To Paywall or Not to Paywall, That is the Question!
Are paywalls making a return?
When print advertising revenues first began declining publishers attempted to shift their successful print revenue model to the Internet: get advertisers to pay for digital ads and readers to pay for digital content. Paid digital content, however, was not as well-received. Readers weren’t exactly jumping at the chance to pay for content they once accessed for free. As of late though a few newspapers, with some unique strategies, have found ways to make paywalls a viable revenue supplement and surprisingly a way to increase print subscriptions. Newspapers like the New York Times, the Dallas Morning News, and Newsday all saw considerable circulation increases while charging for digital content.
Could a paywall work for your association website?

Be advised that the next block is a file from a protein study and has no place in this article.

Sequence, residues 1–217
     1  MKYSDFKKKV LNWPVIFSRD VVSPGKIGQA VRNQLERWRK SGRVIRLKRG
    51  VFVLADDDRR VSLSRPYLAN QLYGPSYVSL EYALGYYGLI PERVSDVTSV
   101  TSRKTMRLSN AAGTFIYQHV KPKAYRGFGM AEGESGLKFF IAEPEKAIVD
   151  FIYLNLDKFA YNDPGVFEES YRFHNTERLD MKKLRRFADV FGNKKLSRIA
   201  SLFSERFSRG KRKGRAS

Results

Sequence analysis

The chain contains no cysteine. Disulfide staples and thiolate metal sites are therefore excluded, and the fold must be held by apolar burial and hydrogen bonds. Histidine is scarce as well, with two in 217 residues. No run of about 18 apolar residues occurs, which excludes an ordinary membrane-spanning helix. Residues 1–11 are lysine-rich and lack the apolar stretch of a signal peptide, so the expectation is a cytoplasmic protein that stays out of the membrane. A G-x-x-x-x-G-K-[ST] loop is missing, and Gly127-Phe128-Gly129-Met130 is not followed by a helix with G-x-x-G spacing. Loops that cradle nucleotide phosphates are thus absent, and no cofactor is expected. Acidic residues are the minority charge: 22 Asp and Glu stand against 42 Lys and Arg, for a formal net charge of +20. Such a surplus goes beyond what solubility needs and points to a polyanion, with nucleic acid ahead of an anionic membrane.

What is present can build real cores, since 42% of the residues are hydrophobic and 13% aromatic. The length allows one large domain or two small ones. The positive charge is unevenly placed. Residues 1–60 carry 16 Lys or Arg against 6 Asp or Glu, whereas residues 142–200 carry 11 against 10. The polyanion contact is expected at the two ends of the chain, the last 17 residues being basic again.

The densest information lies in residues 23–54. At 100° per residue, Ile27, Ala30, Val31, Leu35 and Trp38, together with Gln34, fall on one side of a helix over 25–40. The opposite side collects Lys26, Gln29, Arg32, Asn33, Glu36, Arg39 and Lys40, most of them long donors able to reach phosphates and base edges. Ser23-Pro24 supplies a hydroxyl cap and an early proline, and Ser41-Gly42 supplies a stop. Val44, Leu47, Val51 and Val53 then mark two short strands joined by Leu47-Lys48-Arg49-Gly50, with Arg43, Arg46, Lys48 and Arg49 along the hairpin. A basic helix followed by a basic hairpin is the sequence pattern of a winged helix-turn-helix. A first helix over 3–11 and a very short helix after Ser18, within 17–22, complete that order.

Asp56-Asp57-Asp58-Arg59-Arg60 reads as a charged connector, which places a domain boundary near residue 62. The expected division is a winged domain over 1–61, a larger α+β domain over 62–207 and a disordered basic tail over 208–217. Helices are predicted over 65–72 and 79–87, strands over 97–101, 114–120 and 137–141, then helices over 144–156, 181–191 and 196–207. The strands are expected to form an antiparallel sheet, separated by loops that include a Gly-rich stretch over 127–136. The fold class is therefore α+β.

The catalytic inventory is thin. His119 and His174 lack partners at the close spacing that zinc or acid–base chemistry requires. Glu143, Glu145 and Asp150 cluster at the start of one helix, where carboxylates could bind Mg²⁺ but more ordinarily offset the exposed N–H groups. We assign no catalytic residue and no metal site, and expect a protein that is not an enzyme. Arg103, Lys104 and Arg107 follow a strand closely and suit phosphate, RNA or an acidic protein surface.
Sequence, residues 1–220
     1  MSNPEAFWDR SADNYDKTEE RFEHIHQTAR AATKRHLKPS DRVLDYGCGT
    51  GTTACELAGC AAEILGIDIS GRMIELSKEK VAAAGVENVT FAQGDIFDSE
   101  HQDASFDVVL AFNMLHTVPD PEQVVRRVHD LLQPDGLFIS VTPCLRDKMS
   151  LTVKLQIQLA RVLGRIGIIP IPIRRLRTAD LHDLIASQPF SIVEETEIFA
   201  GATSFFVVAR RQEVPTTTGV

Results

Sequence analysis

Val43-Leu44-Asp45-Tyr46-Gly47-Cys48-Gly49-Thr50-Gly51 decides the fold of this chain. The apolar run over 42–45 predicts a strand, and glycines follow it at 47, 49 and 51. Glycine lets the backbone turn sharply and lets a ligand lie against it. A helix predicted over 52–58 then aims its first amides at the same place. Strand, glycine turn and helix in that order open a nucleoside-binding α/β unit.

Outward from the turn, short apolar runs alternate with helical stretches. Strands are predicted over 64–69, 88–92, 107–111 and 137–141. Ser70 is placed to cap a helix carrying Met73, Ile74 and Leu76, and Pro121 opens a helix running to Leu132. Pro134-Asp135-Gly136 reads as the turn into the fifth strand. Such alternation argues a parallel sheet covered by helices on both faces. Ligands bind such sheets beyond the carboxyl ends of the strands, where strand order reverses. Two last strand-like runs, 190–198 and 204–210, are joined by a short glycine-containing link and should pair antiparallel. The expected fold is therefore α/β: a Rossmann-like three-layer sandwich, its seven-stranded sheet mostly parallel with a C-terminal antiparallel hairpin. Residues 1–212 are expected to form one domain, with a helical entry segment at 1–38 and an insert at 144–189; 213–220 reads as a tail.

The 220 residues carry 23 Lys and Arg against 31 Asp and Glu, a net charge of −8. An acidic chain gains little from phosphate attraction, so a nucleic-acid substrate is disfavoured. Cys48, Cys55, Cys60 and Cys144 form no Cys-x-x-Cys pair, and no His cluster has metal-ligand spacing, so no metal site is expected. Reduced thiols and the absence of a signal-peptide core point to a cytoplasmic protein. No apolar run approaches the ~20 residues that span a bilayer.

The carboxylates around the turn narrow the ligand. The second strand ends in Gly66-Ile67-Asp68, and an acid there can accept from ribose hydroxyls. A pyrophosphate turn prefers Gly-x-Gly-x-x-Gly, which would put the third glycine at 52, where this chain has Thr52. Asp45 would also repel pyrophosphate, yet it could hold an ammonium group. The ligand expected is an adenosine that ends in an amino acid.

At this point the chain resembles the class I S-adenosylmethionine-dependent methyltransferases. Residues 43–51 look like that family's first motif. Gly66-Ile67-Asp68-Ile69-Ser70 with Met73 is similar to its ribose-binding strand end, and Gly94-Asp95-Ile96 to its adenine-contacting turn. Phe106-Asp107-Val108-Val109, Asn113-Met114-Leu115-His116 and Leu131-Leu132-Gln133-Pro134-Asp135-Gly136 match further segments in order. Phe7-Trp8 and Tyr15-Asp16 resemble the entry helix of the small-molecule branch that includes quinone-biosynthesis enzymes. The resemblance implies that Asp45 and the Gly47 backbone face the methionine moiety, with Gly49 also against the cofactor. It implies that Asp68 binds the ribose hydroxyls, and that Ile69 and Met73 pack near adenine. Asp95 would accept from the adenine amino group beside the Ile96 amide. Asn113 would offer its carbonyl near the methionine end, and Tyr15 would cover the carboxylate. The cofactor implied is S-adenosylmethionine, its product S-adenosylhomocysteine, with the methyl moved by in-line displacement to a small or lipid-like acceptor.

There are several factors to consider when making this decision.
- Are you providing content readers will pay for?
- Is it content your readership can’t get anywhere else?
- Are you a thought leader in your industry?
- Should you do a hard paywall, entirely paid content, or a soft pay wall only charging for premium content or heavy content usage?
Media companies that have found some success with the pay wall systems, tend to be industry authorities with an already large following. Paywalls are general less successful with smaller audiences. Paywall success stories also provided some content for free and generally only charged a small subscription fee to heavy readers (20 articles or more). Other successful paywall sales tactics include bundling print and digital subscriptions at a discounted rate and/or offering access on multiple devices for a fee. Paywalls are not yet a solution to the decline in print advertising, but carefully considered they can complement current strategies as an additional revenue stream.